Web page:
Every other Friday on Morning Edition NHPR’s Sam Evans-Brown tracks down answers to questions about the environment and outdoors for our listeners in a segment we call “Ask Sam.”
Barb in Goffstown asks: “I’m calling about black ants which I refer to as rain ants. I had an explosion of them yesterday in my various areas of the house. And so late at night I killed about ten of them, and felt like I’ll deal with them in the morning, and when I get up in the morning, they weren’t there. There was one live ant, dragging a carcass. I know they don’t want dead ants in their nest, but why do they bother with dead ants that are elsewhere?
An honest-to-goodness murder mystery! Do you think we could turn this into a hit true-crime podcast series?
For starters, ants clean out their dead from their nests in order to make sure the whole colony doesn’t get sick. It’s a behavior triggered (as almost all ant behaviors are) by a chemical “smell” that tells the other ants “oh, that’s garbage.”
But there are many unanswered questions in this mystery.
I reached out to Alex Wild—who runs the University of Texas at Austin Insect Collection, and is an amazing insect photographer—to answer this question, and right away it became clear that we needed more information. He equipped me with some questions to ask Barb, and I called her back.
Did the ants have wings?
To start, it’s not clear what kind of ant we are actually talking about. Rain ant is the popular name of a whole bunch of different types of ants. They’re called rain ants because they do their mating flights right after it rains.
“The rain helps them synchronize their mating flights across colonies because it doesn’t do any good if only one of the colonies sends its winged ants up and none of the other ones do,” says Wild, “Then they just get inbred, and no one wants inbred ants.”
This coordination is stronger in some places than others. In the UK, so many ants take to the wing that “Flying Ant Day” is a summer rite of passage.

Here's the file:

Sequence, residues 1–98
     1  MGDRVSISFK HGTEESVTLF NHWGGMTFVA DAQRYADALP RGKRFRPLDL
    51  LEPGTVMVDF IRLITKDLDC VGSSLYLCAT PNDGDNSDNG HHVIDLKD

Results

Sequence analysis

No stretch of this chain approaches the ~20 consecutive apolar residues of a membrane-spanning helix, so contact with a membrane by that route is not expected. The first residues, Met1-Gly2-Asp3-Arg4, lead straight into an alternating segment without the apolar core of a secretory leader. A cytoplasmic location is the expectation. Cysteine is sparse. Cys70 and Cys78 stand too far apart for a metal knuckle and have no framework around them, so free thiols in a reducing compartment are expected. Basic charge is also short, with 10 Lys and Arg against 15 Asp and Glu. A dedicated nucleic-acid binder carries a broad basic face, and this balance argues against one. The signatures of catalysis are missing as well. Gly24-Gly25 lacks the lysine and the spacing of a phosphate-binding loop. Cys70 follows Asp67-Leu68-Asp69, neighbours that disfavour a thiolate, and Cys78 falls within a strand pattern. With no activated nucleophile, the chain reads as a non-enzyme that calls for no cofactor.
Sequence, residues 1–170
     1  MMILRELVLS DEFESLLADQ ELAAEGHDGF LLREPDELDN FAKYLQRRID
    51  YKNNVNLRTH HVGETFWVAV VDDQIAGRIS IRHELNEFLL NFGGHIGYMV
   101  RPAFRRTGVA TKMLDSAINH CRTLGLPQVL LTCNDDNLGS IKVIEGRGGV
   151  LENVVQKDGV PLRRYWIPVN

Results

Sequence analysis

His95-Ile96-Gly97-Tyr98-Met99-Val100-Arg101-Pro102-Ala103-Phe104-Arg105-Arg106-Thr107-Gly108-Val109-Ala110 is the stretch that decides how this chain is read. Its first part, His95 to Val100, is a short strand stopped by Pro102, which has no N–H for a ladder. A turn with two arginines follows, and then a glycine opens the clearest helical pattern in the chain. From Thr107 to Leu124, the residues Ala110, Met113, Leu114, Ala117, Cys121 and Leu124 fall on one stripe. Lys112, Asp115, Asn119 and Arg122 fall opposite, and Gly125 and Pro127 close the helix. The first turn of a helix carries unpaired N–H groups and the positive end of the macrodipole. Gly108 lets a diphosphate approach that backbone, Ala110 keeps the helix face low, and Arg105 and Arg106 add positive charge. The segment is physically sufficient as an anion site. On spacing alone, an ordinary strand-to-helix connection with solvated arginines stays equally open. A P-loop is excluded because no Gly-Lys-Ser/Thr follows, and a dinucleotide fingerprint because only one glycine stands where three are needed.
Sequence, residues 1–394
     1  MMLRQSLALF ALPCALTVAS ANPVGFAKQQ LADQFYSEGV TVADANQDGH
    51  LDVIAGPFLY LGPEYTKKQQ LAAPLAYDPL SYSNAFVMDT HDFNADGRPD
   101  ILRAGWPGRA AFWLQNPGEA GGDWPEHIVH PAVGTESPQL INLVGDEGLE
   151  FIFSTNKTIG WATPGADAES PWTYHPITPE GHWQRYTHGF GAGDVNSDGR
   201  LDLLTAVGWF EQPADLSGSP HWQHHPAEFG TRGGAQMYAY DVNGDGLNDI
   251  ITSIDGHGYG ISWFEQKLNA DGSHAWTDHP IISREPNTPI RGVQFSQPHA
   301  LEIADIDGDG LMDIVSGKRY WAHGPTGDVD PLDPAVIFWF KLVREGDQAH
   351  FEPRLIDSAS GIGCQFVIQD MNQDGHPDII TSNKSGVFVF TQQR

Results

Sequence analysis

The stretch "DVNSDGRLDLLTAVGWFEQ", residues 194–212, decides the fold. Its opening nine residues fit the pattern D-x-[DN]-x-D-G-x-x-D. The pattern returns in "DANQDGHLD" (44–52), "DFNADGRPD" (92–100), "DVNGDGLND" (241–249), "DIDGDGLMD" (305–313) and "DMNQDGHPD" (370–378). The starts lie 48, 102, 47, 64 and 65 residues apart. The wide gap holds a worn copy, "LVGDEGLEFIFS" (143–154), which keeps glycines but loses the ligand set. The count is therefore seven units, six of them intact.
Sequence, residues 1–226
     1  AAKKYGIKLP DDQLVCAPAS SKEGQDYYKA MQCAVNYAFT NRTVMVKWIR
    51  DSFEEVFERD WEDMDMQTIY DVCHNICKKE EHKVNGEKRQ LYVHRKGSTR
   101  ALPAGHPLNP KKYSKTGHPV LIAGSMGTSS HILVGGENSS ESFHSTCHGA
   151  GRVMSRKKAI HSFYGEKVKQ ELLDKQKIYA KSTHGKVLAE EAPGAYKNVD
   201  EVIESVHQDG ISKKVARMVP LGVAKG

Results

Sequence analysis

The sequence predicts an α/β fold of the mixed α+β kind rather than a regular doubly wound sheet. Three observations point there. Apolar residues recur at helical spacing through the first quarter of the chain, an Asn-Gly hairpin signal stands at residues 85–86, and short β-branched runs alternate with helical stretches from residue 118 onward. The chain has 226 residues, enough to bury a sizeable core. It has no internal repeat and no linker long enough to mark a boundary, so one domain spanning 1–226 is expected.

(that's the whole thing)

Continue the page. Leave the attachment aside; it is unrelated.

If these ants had wings, it might be a sign that there was a nest somewhere in her house, and the ants might have embarked on an ill-fated mating flight that never got out of the house. That would help us at least narrow down the species of ant.
However, Barb burst our bubble. “No they did not have wings,” she confirmed.
There goes that theory.
Were all of these ants the same species?
If the ants that were carrying the dead bodies a different species, it’s possible that a rival colony had decided that those ants Barb squashed are actually free calories.
“It turns out ants eat each other all the time,” says Wild, “Just other species. They don’t usually eat members of their own species because you get diseases through cannibalism.”
While she can’t be sure, Barb says “my hunch is that no, this was the same species.”
[Sad Trombone Sound Effect] There goes that idea.
Did they smell like blue cheese when smooshed?
A lot of ant species are itinerant and move their nests at the drop of a hat, and in fact an event like a big rainstorm can make them decide to move. “There are a lot of ants that just don’t invest very heavily in building a nice, deep permanent nest,” says Wild.
This is particularly the case with the infamous Argentine ant that is in the process of taking over the West Coast. Whenever there’s an extended period of wet weather in California, huge super colonies pick up and move indoors.
“I used to live in California and remember having an entire colony of Argentine ants with hundreds of queens and tens of thousands of workers in a big mill on my ceiling,” Wild recalls.
So perhaps Barb was briefly playing host to a bunch of ants who had decided that in fact her house was their nest. “If they’re inside the house, it might well be that the ants are still thinking of it as inside their colony because they’re not getting the big air currents or bright lights they get from outside,” he says.
This is my current front-runner when it comes to explanations for why these ants were carrying their fallen brethren away, but as is so often the case with insects the answer could just as well be, “we don’t really know.”
However, a fun side now a common Northeastern ant that may have been the culprit is called the odorous house ant, because when you smoosh them they smell like blue cheese or rotting coconuts. And apparently, smooshing and sniffing ants is a common way of identifying them: citronella ants are so named because they smell like lemon verbena when smooshed.
In other words, don’t just swat those ants with a shoe, sniff them afterwards too!
Sam Evans-Brown, is host of NHPR’s Outside/In which you can subscribe to where-ever you get your podcasts. If you’d like to submit a question you can record it as a voice memo on your smartphone and send it to firstname.lastname@example.org, OR call the hotline, 1-844-GO-OTTER, OR submit it here.